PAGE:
Reflection on the Most Holy Trinity
On this Trinity Sunday, one thing is certain: I am not going to explain the mystery of the Trinity. Scholars have worked on that for years. In one way, it doesn’t seem so mysterious to me. It is God manifesting God’s self in three different ways, as creator, as redeemer/teacher and as advocate. Didn’t our parents do something similar? First as co-creators of our lives, then as teachers and guides on how to live our lives, and inspiring, comforting and advocating for us. We don’t need to know the ins and outs of how the Trinity works, we just need to know that it works.
Some of us here at the Motherhouse enjoy watching a British comedy called “Doc Martin,” a brilliant but grumpy physician. One episode features four teenage girls, three of whom have formed a clique and a fourth one who wants desperately to be accepted by the others who usually make fun of her and generally make their rejection very clear and her life miserable. One day they are all having a conversation about their physical development and as usual, the three made fun of the fourth one because her development wasn’t up to their standards. In desperation, she goes to Doc Martin for help and breaks down in tears when he won’t give her anything. For once, he is actually compassionate, not his usual style, and goes to the outer office, gets some peppermint candy, puts it in a medicine bottle and gives it to her, telling her to take one once a week and it will help her develop. She is excited and asks if she can take it right then and there and he says yes. She remarks that it tastes like peppermint and he says, “Yes, it does.” She leaves his office all smiles and goes off to brag to her would-be friends about what the Doc had done for her. It was especially galling to the other three since the Doc had refused to give one of them birth control pills.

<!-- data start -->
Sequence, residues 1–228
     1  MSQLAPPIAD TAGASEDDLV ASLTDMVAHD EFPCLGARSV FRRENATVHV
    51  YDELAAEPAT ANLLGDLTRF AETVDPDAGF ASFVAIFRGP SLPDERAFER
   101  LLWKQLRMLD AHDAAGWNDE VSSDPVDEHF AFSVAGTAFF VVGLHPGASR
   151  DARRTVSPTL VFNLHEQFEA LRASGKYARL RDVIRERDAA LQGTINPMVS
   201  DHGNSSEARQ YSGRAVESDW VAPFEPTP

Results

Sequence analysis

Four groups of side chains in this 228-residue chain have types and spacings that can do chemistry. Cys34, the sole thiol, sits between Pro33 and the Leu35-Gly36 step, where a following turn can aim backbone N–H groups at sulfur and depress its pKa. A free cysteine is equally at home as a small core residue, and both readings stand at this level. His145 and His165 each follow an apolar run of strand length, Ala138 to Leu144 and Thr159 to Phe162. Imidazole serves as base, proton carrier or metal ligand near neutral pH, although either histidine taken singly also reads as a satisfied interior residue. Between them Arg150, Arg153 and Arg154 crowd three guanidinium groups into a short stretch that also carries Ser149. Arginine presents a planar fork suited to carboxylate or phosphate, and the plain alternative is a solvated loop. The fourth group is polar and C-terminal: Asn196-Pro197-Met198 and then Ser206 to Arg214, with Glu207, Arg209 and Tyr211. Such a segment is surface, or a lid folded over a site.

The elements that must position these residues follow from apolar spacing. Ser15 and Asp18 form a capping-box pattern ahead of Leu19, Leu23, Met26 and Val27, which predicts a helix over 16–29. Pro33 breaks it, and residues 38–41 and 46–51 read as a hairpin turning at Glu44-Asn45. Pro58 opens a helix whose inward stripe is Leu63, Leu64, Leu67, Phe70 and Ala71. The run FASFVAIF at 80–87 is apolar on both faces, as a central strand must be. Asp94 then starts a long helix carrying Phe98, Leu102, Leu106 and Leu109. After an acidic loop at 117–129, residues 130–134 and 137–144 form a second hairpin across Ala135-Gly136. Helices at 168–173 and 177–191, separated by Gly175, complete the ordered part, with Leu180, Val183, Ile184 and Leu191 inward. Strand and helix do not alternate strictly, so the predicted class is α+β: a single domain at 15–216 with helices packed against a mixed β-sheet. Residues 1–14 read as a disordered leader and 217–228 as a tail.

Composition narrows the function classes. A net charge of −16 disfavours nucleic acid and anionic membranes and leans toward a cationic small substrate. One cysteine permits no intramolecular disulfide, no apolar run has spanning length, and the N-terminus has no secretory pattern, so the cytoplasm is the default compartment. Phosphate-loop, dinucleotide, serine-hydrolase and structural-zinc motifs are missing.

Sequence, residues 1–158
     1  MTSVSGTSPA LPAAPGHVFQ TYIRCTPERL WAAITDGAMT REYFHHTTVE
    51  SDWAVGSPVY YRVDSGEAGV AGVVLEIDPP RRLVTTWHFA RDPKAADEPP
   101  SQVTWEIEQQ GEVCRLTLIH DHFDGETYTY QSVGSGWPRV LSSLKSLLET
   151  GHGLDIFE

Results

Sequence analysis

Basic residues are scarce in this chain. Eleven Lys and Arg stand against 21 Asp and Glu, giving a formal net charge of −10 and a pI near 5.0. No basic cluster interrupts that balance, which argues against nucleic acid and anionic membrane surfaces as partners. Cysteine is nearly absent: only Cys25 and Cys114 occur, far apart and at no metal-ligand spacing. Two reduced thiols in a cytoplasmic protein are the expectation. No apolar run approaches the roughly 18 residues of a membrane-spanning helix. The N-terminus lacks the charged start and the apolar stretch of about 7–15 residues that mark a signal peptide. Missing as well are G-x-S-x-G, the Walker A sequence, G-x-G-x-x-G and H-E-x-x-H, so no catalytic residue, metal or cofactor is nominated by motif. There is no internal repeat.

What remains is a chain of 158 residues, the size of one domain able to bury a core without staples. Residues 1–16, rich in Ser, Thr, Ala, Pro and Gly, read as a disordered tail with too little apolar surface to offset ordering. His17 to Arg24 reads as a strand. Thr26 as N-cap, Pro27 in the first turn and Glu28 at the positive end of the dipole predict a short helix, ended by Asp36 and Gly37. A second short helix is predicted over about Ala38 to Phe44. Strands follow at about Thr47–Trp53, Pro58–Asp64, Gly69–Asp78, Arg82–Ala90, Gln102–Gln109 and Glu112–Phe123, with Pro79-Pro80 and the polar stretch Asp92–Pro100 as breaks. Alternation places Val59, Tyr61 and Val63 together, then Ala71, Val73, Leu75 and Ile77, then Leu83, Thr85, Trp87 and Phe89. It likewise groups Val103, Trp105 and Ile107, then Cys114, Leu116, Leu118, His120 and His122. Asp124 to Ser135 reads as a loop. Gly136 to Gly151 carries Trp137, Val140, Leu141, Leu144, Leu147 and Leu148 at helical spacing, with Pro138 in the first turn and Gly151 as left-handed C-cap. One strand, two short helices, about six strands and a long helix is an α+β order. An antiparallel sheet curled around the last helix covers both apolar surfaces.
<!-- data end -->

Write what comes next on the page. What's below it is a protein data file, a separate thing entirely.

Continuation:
I taught adolescent girls for many years and have seen similar situations in real life — that intense longing and need to be part of a group. We are not meant to be in isolation. It seems to me that God operates on that principle: Father, Son and Holy Spirit form a community. To help us do the same, God entered into our everyday life through Jesus, and the first thing Jesus did when he began his mission was to form a community. It was not a community of intellectuals or religious leaders. He gathered smelly fishermen, a distasteful tax collector, a wild zealot and his future betrayer and formed them into a community of disciples who eventually could go out and build other communities — small gatherings at first, house churches, intimate groups of people who prayed together, shared what they had and took care of each other. Everyone was accepted.
Sometimes I think how different it would be for all churches to be small, more intimate gatherings like the one we are participating in right now. Gatherings where people know each other, share joys, sorrows and problems.
True community is very different from the mega churches we see today. True community does not exclude people because of the color of their skin or their gender orientation. True community supports, encourages, assists when help is needed, is merciful and forgiving and most of all accepts others where they are and sees them as equals. True communities are based on love. Alcoholics Anonymous works because small groups of people come together to support one another. Psychiatry works better if the patient has the backing not only of the physician, but also of family and friends. Religious communities work because people choose to share their lives together.
In a reflection on Trinity Sunday in “National Catholic Reporter” an unnamed author says, “As Jesus speaks of the Father and the Spirit, he is inviting us into the love life of the Trinity, the divine community that created the universe simply to share love with creation.”